Why Python is a great choice for the Chaos Toolkit project!

Russ Miles and I started the chaostoolkit project about three months ago with the idea we wanted to express with code discussions we had been having on Chaos Engineering and its principles. I’ll leave you the opportunity to read Russ’s post about the Chaos Toolkit effort as I would like to focus here on the choice we made to use Python to implement that Open API for Chaos Engineering.

When we started the core implementation, we wondered which language we should pick up for the project. As a long Python developers, I have always felt faster and more at ease with it but I thought it would be wise to give the other existing languages a thought.

At its core, the Chaos Toolkit attempts to define a declarative API to drive your chaos engineering experiments. That experiment is serialized in a JSON file the chaos command ingests and validates it before executing declared activities sequentially.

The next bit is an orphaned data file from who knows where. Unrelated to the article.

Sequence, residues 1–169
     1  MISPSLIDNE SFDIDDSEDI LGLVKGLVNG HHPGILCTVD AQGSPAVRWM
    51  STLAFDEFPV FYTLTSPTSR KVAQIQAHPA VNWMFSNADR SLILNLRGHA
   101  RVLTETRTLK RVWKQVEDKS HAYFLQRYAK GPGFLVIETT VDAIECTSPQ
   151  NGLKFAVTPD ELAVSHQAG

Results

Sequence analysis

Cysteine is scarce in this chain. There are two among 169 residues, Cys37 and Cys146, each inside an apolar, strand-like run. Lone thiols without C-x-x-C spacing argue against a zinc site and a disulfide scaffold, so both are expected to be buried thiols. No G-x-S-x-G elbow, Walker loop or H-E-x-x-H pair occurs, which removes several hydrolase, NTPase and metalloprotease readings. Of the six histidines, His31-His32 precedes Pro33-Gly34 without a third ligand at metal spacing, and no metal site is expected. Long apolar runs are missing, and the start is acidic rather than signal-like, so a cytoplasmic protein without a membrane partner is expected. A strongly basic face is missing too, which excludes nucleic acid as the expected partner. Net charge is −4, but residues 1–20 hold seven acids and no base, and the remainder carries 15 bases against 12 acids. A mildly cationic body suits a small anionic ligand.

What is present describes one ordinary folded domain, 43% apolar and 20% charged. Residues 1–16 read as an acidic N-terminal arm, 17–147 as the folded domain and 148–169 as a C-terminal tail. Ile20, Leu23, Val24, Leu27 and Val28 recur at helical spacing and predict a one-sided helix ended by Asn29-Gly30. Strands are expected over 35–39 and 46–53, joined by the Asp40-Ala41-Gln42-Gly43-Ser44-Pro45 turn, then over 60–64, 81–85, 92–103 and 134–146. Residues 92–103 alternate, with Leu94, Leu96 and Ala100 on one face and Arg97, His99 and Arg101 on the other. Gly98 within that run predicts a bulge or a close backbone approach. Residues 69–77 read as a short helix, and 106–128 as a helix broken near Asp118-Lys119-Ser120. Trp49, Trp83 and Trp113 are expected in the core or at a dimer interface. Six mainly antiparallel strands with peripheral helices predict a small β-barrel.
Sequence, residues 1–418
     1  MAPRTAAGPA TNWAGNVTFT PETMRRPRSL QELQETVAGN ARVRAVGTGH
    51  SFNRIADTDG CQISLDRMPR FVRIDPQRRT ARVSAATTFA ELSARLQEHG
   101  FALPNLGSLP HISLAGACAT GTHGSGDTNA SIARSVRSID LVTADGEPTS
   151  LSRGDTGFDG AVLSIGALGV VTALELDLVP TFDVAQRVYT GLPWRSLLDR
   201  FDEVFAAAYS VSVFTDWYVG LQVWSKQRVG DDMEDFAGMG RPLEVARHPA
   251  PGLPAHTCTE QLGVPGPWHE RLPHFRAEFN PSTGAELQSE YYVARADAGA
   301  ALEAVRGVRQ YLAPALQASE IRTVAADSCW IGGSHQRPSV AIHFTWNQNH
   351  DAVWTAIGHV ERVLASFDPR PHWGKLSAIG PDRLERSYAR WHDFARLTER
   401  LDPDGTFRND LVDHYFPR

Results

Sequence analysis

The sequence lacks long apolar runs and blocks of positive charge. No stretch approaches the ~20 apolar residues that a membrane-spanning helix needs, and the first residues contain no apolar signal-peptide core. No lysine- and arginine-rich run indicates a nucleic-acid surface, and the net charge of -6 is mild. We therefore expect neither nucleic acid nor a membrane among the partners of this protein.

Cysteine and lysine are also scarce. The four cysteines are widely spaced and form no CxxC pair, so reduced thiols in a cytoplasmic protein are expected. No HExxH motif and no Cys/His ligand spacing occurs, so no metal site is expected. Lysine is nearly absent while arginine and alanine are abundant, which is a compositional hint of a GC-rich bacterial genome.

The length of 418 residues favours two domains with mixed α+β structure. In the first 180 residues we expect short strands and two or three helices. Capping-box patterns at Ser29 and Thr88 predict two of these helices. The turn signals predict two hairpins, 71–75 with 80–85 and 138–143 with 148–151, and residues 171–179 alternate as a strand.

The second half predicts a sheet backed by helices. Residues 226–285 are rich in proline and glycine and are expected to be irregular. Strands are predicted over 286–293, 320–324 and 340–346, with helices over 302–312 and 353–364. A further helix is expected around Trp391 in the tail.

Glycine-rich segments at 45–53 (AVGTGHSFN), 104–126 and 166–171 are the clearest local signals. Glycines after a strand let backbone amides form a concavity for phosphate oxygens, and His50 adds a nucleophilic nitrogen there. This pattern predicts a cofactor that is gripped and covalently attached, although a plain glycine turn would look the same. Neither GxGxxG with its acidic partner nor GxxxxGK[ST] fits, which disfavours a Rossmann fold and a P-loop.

It felt clear to us that we would be handling a lot of strings so we wanted to have something that was simple, yet powerful, when dealing with them. That alone is not a strong enough requiremement to make a choice. Afterall, most dynamic languages are capable with strings while static languages, although perhaps more verbose, would be able to as well.

We also knew we meant the chaostoolkit to be extended as widely as possible so we looked for a rich ecosystem with various capabilities. It also meant, we should pick up a language that would help us load extensions in a simple fashion (Note that the Chaos Toolkit API describes three extension mechanisms: Python functions, HTTP calls or process. This means that you do not need to write Python code when you want to extend the toolkit).

It was also relevant to select an ecosystem that was well spread to reduce the quantity of steps for users in order to get started.